Researchers working in the shale beds of Arctic Canada have made a discovery that seems to change drastically how old multicellular life on land is. The team has discovered a fossil of an ancient fungus that pushes the earliest evidence of life back more than half a billion years. The microscopic fossils are newly dated and date to between 900 million and 1 billion years ago.
If the analysis holds up to scrutiny, the discovery means that the first multicellular life on land was alive much earlier than previously thought. Before the discovery, the oldest uncontested fungus fossil was a 407 million-year-old specimen found in Scotland.
The new fungus fossil was found in the Grassy Bay Formation and is named Ourasphaira giraldae and is said to be surprisingly well preserved and intricate. During the study of the new fossil, the team was able to make out multicellular, branching, separate filaments that have bulbous spheres on the ends. These structures make up the mycelium of a fungus.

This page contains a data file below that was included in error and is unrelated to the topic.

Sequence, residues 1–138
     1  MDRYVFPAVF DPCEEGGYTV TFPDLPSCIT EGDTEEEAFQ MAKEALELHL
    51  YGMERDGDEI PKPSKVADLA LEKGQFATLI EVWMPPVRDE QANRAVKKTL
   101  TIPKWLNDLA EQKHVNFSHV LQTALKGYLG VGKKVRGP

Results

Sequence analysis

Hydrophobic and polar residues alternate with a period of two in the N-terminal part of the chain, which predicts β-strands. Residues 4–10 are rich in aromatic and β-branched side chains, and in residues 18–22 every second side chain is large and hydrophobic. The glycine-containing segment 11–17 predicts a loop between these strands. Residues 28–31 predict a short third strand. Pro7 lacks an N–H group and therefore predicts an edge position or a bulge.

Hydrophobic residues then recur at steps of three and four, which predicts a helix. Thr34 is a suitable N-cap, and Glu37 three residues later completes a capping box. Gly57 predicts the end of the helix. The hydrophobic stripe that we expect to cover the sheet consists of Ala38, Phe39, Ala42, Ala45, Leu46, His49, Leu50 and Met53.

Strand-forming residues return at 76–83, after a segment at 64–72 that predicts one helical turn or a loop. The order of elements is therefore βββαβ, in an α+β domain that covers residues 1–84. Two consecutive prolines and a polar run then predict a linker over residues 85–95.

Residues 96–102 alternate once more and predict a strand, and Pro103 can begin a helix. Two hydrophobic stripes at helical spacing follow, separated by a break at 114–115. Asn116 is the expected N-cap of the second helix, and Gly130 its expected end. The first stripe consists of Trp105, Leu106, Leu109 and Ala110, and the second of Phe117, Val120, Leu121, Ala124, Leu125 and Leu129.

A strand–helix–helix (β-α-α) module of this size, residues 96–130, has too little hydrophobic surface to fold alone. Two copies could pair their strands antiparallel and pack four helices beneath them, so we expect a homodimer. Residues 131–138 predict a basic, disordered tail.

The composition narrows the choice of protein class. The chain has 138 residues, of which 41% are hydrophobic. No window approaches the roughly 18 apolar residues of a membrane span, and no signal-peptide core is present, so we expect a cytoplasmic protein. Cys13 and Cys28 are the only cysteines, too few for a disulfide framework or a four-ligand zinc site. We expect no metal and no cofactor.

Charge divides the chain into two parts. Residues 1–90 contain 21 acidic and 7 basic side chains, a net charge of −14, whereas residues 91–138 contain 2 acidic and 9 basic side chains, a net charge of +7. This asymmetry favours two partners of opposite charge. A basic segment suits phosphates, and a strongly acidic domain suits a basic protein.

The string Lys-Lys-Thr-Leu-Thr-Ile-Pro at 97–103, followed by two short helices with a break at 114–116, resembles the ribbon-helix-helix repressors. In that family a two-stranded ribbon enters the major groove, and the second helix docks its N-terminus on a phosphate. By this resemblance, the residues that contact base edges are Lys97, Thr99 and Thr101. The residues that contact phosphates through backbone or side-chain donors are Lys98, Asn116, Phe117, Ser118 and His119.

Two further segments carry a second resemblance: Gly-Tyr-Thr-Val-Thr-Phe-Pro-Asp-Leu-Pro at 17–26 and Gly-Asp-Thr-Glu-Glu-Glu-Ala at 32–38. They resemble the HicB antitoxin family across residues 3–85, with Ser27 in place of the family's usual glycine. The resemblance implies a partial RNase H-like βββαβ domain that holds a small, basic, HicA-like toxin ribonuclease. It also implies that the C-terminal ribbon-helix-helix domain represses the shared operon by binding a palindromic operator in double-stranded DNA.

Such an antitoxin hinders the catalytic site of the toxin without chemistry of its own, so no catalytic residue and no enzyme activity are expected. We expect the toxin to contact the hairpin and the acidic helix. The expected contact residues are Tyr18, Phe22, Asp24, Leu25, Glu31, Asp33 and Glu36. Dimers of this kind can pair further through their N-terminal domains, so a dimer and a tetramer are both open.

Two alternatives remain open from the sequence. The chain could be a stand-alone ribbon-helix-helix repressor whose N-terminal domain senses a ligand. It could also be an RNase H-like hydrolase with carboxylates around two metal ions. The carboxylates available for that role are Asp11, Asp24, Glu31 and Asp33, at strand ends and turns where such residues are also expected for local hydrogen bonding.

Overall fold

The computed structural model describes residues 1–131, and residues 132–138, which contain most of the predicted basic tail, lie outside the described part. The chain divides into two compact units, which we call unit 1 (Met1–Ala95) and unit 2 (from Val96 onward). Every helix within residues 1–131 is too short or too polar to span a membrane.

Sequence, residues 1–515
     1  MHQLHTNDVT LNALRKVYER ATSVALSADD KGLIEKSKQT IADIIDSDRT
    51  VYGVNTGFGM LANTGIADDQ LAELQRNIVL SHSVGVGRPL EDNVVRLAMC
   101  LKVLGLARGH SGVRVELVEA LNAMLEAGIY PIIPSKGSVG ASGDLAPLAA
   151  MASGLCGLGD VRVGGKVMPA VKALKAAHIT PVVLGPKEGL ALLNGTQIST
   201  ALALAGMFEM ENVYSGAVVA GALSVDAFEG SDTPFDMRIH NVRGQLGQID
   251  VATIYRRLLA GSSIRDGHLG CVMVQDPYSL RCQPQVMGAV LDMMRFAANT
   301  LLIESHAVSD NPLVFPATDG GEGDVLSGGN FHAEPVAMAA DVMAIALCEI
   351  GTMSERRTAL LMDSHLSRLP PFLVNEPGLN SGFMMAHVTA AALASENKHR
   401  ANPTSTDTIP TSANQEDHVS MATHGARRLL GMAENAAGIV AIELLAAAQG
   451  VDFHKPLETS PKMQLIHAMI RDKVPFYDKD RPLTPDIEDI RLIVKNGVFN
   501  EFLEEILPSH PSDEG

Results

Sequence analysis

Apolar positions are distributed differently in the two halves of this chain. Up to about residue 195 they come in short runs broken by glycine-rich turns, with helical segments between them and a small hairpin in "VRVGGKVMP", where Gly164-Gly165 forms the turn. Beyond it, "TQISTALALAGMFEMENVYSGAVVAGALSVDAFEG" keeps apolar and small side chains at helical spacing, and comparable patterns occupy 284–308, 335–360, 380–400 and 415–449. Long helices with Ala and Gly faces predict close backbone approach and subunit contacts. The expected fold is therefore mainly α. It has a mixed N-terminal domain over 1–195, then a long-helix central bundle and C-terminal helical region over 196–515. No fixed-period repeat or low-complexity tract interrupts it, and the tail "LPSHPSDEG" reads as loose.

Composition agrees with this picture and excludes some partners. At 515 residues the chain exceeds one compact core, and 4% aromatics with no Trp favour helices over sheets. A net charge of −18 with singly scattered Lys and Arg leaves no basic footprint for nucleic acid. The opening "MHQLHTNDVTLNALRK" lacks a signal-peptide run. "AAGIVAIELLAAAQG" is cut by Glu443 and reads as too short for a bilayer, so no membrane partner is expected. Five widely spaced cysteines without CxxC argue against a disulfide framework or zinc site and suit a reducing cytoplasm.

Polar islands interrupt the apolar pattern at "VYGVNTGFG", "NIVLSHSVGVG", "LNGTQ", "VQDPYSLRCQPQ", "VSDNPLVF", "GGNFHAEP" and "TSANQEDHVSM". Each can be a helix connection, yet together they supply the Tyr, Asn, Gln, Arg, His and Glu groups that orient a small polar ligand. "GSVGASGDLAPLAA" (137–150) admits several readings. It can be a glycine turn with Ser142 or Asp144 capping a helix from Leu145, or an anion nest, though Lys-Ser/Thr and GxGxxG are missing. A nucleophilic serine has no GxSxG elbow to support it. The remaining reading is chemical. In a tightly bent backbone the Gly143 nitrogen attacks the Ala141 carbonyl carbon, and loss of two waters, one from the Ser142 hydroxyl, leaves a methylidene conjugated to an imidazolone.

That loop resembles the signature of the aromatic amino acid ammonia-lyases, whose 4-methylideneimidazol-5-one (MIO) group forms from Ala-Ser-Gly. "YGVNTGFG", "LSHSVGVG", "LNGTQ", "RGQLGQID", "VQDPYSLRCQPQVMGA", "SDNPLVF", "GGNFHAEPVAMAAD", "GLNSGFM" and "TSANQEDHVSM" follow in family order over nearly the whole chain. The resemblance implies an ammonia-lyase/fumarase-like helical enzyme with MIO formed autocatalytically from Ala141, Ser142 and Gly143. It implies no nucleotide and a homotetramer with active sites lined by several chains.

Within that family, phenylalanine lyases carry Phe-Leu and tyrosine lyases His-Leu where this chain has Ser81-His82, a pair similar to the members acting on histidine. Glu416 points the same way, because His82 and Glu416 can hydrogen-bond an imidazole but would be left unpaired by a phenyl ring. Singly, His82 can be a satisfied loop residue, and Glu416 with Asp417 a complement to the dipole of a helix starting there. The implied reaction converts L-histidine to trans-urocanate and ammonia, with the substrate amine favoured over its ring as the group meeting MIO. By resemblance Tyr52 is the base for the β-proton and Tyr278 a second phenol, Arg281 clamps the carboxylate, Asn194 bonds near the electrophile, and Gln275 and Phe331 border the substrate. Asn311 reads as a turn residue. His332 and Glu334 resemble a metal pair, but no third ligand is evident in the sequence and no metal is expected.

Using a tool called Fourier-transform infrared spectroscopy the team confirmed the presence of chitin, which is a compound found in the cell walls of fungi. Additional study using transmission electron microscopy revealed a bilayered cell wall structure. Scientists know that fungus was around when the first plants began to emerge 500-600 million years ago.
However, the fungus molecular clock suggested the life forms should have been around sooner. The molecular clock is the mutation rate of biomolecules in DNA that are used to determine the history of an organism. The DNA of fungus indicated that it had made its first appearance a billion years ago. The discovery of the new fossil helps to confirm that timeline. Further study into the fungus is ongoing.